Now that school is back in full swing you may be experiencing what seems to be a worldwide phenomenon for parents everywhere – the homework battle.  After spending a full day at school it’s hard to blame kids for not wanting to do homework.  And after working so hard to do what’s best for your kid, it’s hard to blame parents for getting so frustrated when kids resist doing homework.  Hopefully these things can help avoid the homework battle this school year!

  • Set a time limit. When a child, or adult, knows there’s an end to a non-preferred activity it can be a lot easier to get started and keep working on that activity. The time limit you set for homework for your child will depend on a lot of things: you and your child, your child’s age, you child’s developmental level, and your child’s school’s expectations.  Though the amount of homework your child has is likely to vary daily, It is helpful to come up with a consistent time rather than base it on the amount of homework your child has each day.  This ensures that your child knows what the expectations are and decreases opportunities for negotiation.  You can allow your child to stop early when they have less homework that day, or you can have your child read or participate in learning activities for the whole time period even when they have a lighter homework load that day.  The logistics are totally up to you – aahh the joys of being a parent!  You can read more about our thoughts on time limits for homework here.
  • Break homework time into smaller chunks. Even for adults it is recommended to take regular short breaks when sitting down to do work. This helps with attention, quality, and efficiency.  If you have decided on a time limit for homework longer than about 40 minutes for your child you should consider breaking this into two homework periods (such as one before dinner and one after).  This will depend on your family’s schedule and how your child works.  Some people do better working for longer periods of time as they get into the “flow”, and some people do better working for shorter chunks of time.  Try experimenting to see what works best for you and your child!  Whatever you choose, make sure the schedule is clear for your child so they understand what is expected of them.  Your child will likely be a more willing participant if you give them some control (or make them think they have some control) over this decision.  Consistency is usually best, but you may decide to let your child choose how to split up their homework time on a daily basis – this can be helpful for a child that tends to argue a lot about homework and needs more control over their day.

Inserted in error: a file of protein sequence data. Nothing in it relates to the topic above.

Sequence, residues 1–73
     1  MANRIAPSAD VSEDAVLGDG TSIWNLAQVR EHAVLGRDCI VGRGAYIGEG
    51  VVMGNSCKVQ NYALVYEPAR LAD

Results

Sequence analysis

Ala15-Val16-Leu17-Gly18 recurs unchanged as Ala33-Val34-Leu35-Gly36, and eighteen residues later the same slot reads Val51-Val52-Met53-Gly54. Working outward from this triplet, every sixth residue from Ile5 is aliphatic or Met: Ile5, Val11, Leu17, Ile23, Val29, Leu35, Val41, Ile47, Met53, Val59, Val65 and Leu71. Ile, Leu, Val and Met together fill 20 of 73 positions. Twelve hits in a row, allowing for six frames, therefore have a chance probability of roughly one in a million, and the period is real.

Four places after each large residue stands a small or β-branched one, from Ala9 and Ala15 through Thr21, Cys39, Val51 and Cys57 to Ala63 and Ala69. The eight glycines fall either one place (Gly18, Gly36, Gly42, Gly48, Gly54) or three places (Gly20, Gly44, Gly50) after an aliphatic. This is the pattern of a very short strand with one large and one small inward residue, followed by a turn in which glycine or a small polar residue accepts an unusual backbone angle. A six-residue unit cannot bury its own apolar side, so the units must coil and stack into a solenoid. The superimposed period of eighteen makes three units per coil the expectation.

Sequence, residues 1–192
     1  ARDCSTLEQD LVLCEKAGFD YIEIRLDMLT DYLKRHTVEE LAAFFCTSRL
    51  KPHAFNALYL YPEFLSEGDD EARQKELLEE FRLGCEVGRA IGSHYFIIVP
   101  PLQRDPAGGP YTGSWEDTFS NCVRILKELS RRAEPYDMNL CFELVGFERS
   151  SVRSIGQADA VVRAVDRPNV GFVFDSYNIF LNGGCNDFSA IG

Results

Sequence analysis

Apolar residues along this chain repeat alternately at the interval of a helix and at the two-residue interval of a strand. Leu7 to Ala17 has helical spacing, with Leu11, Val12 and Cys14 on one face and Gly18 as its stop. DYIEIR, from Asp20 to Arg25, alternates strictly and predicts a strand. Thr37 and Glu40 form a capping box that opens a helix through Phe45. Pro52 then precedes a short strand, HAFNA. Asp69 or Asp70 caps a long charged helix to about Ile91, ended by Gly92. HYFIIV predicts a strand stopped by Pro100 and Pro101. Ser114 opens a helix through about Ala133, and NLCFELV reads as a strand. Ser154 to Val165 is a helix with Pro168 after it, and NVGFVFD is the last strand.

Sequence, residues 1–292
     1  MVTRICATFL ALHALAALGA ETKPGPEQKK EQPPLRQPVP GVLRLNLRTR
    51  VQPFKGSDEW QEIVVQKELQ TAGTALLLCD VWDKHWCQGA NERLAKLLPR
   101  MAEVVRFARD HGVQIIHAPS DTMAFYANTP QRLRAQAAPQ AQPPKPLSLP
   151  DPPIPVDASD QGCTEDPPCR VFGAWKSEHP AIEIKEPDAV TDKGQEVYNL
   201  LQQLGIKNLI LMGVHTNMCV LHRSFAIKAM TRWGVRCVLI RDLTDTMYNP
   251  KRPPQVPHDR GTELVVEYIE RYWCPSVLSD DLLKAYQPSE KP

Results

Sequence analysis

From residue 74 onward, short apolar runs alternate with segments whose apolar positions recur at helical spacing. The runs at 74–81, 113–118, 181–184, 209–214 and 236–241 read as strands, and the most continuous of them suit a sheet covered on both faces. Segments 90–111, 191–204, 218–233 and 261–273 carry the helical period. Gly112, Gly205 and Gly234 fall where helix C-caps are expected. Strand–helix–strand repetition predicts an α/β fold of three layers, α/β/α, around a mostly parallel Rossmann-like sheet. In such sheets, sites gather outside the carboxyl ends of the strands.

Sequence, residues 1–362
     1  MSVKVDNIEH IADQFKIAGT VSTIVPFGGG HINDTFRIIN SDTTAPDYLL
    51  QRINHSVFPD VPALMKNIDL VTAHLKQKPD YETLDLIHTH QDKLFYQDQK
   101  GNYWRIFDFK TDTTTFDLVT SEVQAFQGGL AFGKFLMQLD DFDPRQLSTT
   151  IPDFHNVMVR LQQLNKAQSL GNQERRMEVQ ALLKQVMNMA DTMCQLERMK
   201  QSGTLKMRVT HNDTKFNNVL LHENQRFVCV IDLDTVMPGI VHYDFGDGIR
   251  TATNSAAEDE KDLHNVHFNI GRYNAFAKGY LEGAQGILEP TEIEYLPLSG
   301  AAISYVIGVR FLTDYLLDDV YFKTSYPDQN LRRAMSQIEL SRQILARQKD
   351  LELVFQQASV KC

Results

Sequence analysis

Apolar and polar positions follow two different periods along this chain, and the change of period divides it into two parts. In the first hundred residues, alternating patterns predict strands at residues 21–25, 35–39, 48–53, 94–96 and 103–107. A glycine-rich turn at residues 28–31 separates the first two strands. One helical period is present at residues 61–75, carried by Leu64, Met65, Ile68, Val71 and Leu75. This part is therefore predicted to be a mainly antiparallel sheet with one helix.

• Ensure your child has a good balance of homework and fun after school. It is important to acknowledge that your child spends a huge chunk of time at school, often sitting in a desk.  I find it easiest to liken this to my and my husband’s work day.  School is work for kids, and coming home just to spend all of their time doing more work is not going to make for a happy, or well-balanced, kid.  Ensure that your child has as much balance as you can.  You can do this by scheduling free time at home, play time with parents, and after school classes and activities.  All three of these are important and should be scheduled regularly when possible.
  • Have a homework area. Having a set area to do work in your home, with minimal distractions and lots of readily available school supplies, can help your child get into “homework mode”.  Sometimes the hardest part of a task is getting it started.  Having a set place in your home where your child does their homework can help them get into the right frame of mind quicker, which can help them get more done as well as decrease their resistance to doing homework.  Try to pick a place with minimal distractions – it should be quiet and not have a lot of visual stimuli (i.e. pictures).  Ideally your child should be sitting in a chair that is both supportive (your child’s feet should be able to reach the ground with their hips and knees at a 90 degree angle) and comfortable, and they should be able to reach the table with their arms around stomach level.  Here is a good visual of correct positioning.
  • Be available when things get frustrating. Depending on your child’s grade level you may or may not be able to help with their homework (and you shouldn’t be helping too much – appropriate homework should be able to be completed mostly independently!).  Even if you are not able to help you should be present when your child completes homework, even if it’s just for moral support.  This is, of course, more relevant for younger kids than for high school students, but can still be important for the success of some older students.